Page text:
Young Arabs strongly favor women driving — but Saudis say more should be done on female empowerment

Arab youth is overwhelmingly supportive of the Saudi Arabian government’s decision to allow women to drive. (Shutterstock)
Updated 09 May 2018
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Young Arabs strongly favor women driving — but Saudis say more should be done on female empowerment

  • The belief that female empowerment needs to be taken further was especially strong among Saudi men
  • Safety, security and wider career opportunities were seen as the UAE’s most attractive qualities

DUBAI: Arab youth is overwhelmingly supportive of the Saudi Arabian government’s decision to allow women to drive, according to the Arab Youth Survey.
Some 88 percent of all respondents agreed with the decision, which comes into force next month, with 90 percent of women and 85 percent of men in favor of the historic policy change.
However, a strong majority of young people — 80 percent — also agreed with the proposition that “Arab leaders should do more to improve the personal rights and freedoms of women.”
The belief that female empowerment needs to be taken further was especially strong among Saudi men, of whom 90 percent supported the call for more reforms to allow greater participation by women in economic, social and cultural life.
The survey also showed that the UAE remains the top role model for young Arabs, and the most popular country to live in, for the seventh year running. Some 35 percent chose the UAE, followed by the US and Canada on 18 percent.
Safety, security and wider career opportunities were seen as the UAE’s most attractive qualities.
Facebook was the most widely accessed medium for news, with 49 percent saying they get their news on the social media site daily, up from 35 percent last year.
CNN was the most trusted TV channel in the region, with 75 percent of respondents approving its credibility. Al Jazeera was the least trusted, with 43 percent calling it untrustworthy.
Technology was the sector most young Arabs would like to work or set up a business. Some 28 percent want to be involved in high-tech, nearly twice as many as in retail and real estate, previous favorites.
More than half of all respondent across the region said they shop online, but nearly 70 percent of respondents in North Africa say they have never shopped online.


Iraq offers to mediate in crisis between US and Iran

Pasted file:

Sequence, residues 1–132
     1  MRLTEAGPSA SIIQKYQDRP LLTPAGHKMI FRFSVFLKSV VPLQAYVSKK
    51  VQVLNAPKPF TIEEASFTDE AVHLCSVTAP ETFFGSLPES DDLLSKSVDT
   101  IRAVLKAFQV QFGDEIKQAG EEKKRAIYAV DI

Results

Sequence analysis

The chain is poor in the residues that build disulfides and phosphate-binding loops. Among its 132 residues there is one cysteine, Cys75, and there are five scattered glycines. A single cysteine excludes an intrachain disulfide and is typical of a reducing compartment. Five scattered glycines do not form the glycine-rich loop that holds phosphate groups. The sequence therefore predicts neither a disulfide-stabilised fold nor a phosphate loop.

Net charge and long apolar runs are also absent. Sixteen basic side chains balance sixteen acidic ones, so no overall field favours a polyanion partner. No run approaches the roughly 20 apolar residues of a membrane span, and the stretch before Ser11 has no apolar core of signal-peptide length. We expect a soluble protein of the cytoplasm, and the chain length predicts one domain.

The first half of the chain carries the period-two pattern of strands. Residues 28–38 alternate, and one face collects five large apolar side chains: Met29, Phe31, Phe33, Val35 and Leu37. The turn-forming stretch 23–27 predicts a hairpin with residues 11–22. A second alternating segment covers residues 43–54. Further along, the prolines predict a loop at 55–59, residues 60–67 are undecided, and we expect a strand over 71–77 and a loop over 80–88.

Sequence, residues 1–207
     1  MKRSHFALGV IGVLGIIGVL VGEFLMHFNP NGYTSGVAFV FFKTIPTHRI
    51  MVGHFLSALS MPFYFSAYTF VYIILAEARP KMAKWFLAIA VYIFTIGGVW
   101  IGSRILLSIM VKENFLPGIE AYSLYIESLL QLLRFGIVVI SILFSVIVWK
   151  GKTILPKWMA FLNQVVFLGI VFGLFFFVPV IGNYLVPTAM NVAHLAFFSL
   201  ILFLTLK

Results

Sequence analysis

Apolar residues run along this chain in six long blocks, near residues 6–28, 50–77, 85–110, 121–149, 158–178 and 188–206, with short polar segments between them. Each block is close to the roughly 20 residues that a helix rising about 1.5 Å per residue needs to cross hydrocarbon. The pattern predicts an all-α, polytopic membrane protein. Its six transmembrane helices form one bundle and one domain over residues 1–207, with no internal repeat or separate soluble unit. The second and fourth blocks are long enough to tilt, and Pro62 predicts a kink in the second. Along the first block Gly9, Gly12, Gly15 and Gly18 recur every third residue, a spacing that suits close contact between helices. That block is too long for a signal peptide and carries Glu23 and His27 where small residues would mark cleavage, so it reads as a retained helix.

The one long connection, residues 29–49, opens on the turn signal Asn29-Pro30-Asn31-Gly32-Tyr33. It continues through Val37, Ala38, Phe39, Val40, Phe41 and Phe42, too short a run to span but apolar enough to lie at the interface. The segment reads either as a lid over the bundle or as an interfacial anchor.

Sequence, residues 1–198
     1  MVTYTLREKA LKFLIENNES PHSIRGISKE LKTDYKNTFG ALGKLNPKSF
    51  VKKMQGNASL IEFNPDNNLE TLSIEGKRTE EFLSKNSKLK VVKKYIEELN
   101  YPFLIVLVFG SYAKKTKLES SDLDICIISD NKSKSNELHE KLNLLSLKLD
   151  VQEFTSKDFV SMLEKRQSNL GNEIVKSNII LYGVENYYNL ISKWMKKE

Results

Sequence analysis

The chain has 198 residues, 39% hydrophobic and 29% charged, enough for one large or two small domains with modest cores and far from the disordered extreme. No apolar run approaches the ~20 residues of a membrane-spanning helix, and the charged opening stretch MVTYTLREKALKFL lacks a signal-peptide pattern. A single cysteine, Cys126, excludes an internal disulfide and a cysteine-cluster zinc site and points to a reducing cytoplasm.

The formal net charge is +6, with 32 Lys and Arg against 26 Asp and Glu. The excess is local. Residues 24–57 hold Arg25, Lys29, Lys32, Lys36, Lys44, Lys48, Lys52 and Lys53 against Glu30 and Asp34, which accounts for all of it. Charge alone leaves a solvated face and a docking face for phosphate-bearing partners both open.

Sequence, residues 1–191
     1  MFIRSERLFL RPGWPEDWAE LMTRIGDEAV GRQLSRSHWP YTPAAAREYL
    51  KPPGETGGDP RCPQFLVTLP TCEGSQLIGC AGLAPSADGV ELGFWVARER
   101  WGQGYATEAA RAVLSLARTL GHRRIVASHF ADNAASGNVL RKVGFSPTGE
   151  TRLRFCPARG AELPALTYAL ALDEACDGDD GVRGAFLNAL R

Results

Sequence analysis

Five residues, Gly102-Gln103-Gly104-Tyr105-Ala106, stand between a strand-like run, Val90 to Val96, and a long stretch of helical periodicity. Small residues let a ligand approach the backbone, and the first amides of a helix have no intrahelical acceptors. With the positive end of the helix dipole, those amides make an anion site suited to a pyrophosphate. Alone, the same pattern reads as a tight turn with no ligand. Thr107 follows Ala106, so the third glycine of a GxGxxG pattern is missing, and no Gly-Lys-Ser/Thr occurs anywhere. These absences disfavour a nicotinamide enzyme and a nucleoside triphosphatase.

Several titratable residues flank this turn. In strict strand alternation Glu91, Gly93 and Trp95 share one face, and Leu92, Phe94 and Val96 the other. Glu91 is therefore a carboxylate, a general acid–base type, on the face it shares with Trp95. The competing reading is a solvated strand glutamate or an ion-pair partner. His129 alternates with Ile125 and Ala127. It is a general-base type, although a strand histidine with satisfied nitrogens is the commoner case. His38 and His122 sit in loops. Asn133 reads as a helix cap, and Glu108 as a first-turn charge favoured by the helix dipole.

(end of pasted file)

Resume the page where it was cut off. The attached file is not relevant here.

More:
Updated 27 May 2019
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Iraq offers to mediate in crisis between US and Iran

  • ‘We are trying to help and to be mediators’
  • The crisis takes root in President Donald Trump’s withdrawal last year of the US from the 2015 nuclear deal between Tehran and world powers

BAGHDAD: Iraq offered to mediate in the crisis between its two key allies, the United States and Iran, amid escalating Middle East tensions and as Tehran’s nuclear deal with world powers steadily unravels.
Iraqi foreign minister, Mohammed Al-Hakim, made the offer Sunday during a joint news conference in Baghdad with visiting Iranian counterpart Mohammad Javad Zarif.
“We are trying to help and to be mediators,” said Al-Hakim, adding that Baghdad “will work to reach a satisfactory solution” while stressing that Iraq stands against unilateral steps taken by Washington.
In recent weeks, tensions between Washington and Tehran soared over America deploying an aircraft carrier and B-52 bombers to the Arabian Gulf over a still-unexplained threat it perceives from Tehran.
The crisis takes root in President Donald Trump’s withdrawal last year of the US from the 2015 nuclear deal between Tehran and world powers that capped Iran’s uranium enrichment activities in return to lifting sanctions. Washington subsequently re-imposed sanctions on Iran, sending its economy into freefall.
Trump has argued that the deal failed to sufficiently curb Iran’s ability to develop nuclear weapons or halt its support for militias throughout the Middle East that the US says destabilize the region, as well as address the issue of Tehran’s missiles, which can reach both US regional bases and Israel.
Zarif, who was been on a whirlwind diplomatic offensive to preserve the rest of the accord, insisted that Iran “did not violate the nuclear deal” and urged European nations to exert efforts to preserve the deal following the US pullout.
Speaking about the rising tensions with the US, Zarif said Iran will be able to “face the war, whether it is economic or military through steadfastness and its forces.” He also urged for a non-aggression agreement between Iran and Arab countries in the Gulf.
The mediation offer by Al-Hakim, Iraq’s foreign minister, echoed one made Saturday by Mohamad Al-Halbousi, the Iraqi parliament speaker. Al-Hakim also expressed concern for Iran’s spiraling economy.
“The sanctions against sisterly Iran are ineffective and we stand by its side,” Al-Hakim said.